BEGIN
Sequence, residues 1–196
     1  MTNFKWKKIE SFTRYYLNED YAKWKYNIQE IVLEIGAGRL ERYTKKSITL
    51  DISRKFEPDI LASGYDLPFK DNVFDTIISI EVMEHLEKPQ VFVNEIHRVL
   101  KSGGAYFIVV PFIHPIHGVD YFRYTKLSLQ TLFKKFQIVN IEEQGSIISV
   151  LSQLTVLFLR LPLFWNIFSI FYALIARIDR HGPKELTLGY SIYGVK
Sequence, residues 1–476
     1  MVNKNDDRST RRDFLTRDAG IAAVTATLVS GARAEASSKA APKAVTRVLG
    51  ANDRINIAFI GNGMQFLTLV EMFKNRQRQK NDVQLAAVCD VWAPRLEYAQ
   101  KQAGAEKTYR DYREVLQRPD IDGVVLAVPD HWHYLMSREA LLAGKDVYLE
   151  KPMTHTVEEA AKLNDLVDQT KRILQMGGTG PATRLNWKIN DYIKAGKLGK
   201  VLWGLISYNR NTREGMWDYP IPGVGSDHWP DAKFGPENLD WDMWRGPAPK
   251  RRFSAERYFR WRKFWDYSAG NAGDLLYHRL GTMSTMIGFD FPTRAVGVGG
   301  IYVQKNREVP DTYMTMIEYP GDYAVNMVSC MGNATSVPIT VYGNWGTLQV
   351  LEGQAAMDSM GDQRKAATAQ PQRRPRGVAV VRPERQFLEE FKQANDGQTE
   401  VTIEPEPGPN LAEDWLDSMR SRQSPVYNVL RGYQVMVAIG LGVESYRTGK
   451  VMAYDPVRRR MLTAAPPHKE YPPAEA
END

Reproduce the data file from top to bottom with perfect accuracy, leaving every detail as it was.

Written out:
Sequence, residues 1–196
     1  MTNFKWKKIE SFTRYYLNED YAKWKYNIQE IVLEIGAGRL ERYTKKSITL
    51  DISRKFEPDI LASGYDLPFK DNVFDTIISI EVMEHLEKPQ VFVNEIHRVL
   101  KSGGAYFIVV PFIHPIHGVD YFRYTKLSLQ TLFKKFQIVN IEEQGSIISV
   151  LSQLTVLFLR LPLFWNIFSI FYALIARIDR HGPKELTLGY SIYGVK
Sequence, residues 1–476
     1  MVNKNDDRST RRDFLTRDAG IAAVTATLVS GARAEASSKA APKAVTRVLG
    51  ANDRINIAFI GNGMQFLTLV EMFKNRQRQK NDVQLAAVCD VWAPRLEYAQ
   101  KQAGAEKTYR DYREVLQRPD IDGVVLAVPD HWHYLMSREA LLAGKDVYLE
   151  KPMTHTVEEA AKLNDLVDQT KRILQMGGTG PATRLNWKIN DYIKAGKLGK
   201  VLWGLISYNR NTREGMWDYP IPGVGSDHWP DAKFGPENLD WDMWRGPAPK
   251  RRFSAERYFR WRKFWDYSAG NAGDLLYHRL GTMSTMIGFD FPTRAVGVGG
   301  IYVQKNREVP DTYMTMIEYP GDYAVNMVSC MGNATSVPIT VYGNWGTLQV
   351  LEGQAAMDSM GDQRKAATAQ PQRRPRGVAV VRPERQFLEE FKQANDGQTE
   401  VTIEPEPGPN LAEDWLDSMR SRQSPVYNVL RGYQVMVAIG LGVESYRTGK
   451  VMAYDPVRRR MLTAAPPHKE YPPAEA